New Effort Promotes Annual Donations to SDSU
In the coming months, you will likely hear from either a representative of SDSU’s Annual Fund or receive a communication from the Alumni Association asking for a donation to the university. It’s because now more than ever, the university needs the financial support of its alumni.
The Alumni Association is working to involve all SDSU alumni in The Campaign for SDSU and to help boost the university's increasing national and international prominence.
Stories abound of the continuing cutbacks to higher education by state lawmakers looking for ways to solve California’s ongoing budget crisis. With each reduction, the university is forced to make deeper cuts and place a higher financial burden on its students.
For their part, however, SDSU’s students, faculty and staff are stepping up. Students accepted to the university these days have some of the highest standardized test scores and grade point averages in the institution’s history. Last year SDSU made national news after raising graduation rates faster than any other four-year research university in the country.
As positions are limited or eliminated, faculty and staff take on more responsibility to maintain the quality of the educational experience at SDSU. They have gained San Diego State national and international recognition through their cutting edge research or their leadership and support of successful student academic and athletic endeavors.
AN IMPROVED REPUTATION
With that higher profile has come an improved reputation for SDSU. In its most recent national university rankings released in September, U.S. News & World Report
placed SDSU at 165 on the list. When next year's list comes out, the magazine may move SDSU even higher.
One of the categories used for ranking universities is the alumni giving rate. SDSU is dead last in that category among top tier universities.
The alumni giving rate is figured from the number of alumni who donate to a school compared to the total number of undergraduate degree holders of record. Last year’s ranking included a 2.28% alumni giving rate for SDSU compared to the 2.51% figure submitted this year by the university based on 4,324 alumni donors out of 172,074 degree holders.
“It’s supposed to be an indication of how your alumni feel about the quality of the education that they received and how much of an impact it’s had on their careers and their lives,” says SDSU Alumni Association Executive Director Jim Herrick. “It speaks to what kind of university San Diego State is, at least according to U.S. News & World Report
A RESPONSIBILITY TO A GREAT UNIVERSITY
What the data reveal is that SDSU alumni don’t give back to their alma mater in the same numbers that alumni at higher-ranking schools do. Herrick and the Alumni Association are leading the charge to change that by encouraging all alumni to make a donation of any size every year.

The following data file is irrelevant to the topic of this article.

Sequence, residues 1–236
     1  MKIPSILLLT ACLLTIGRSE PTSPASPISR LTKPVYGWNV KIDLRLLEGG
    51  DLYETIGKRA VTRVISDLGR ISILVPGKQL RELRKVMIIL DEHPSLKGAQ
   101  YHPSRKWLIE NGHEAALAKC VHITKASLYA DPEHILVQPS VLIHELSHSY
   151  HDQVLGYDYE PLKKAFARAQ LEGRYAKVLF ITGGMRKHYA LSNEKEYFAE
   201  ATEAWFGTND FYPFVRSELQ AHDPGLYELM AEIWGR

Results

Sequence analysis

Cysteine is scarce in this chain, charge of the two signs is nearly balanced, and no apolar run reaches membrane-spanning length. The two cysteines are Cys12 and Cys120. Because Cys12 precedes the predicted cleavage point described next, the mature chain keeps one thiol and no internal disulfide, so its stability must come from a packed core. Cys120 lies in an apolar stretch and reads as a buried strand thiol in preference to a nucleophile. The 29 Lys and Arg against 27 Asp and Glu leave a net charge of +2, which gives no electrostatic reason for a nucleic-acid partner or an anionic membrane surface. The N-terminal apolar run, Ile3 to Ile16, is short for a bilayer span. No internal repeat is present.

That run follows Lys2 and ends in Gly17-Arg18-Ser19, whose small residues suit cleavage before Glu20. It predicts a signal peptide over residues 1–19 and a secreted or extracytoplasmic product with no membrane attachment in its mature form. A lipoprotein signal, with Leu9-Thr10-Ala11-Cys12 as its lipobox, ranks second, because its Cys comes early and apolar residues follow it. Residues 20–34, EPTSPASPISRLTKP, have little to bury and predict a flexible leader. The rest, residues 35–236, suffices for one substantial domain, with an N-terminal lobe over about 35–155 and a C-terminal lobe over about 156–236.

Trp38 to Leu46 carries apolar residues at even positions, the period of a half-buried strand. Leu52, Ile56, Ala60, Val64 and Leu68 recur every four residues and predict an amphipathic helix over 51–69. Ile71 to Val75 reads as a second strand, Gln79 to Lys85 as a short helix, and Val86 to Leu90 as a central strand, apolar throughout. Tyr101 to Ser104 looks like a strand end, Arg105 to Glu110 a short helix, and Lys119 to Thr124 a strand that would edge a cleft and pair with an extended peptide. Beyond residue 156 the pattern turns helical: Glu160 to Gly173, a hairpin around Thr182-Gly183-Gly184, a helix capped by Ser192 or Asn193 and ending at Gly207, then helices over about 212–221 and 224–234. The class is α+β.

“Being an annual donor is a responsibility that comes with graduating from a truly great university,” Herrick says. “It doesn’t matter how much you give as long as you give something.”
Last year SDSU was listed among U.S. News and World Report's top tier national universities for the first time at number 164 on the list.
He points out that the alumni donor rate is not to be confused with the amount of money given by those who do financially support the university. Alumni and friends who do give money to SDSU give generously. There are many programs, scholarships and buildings on campus standing as testimony to that generosity.
In fact, at the end of the fiscal year in June, The Campaign for SDSU had raised more than $320 million toward its seven-year, $500 million goal. But with all the publicity surrounding the campaign, why are less than three percent of San Diego State alumni contributing?
“They may not think a relatively small contribution makes much of an impact against a half-billion-dollar goal,” Herrick theorizes, “But it does, especially when you’re talking about something as high-profile as being ranked among U.S. News & World Report’s
top tier national universities.
“So all I’m saying is that when the Annual Fund students call, answer. When we contact you, respond.
“You worked hard for your degree and you’re just hurting your own prospects if you don’t help your university,” he says. “The current perceived quality of your degree is based on the perceived quality of SDSU today and in the future, not in the past when you graduated.
“Everyone’s degree is valued in terms of the current reputation and so every alum has a stake in enhancing the current and future reputation of the university. There’s a direct benefit to you in terms of how your degree is perceived.”
In other words, when you’re helping SDSU, you’re helping yourself as well as current students and all Aztec alumni.
Learn more about The Campaign for SDSU.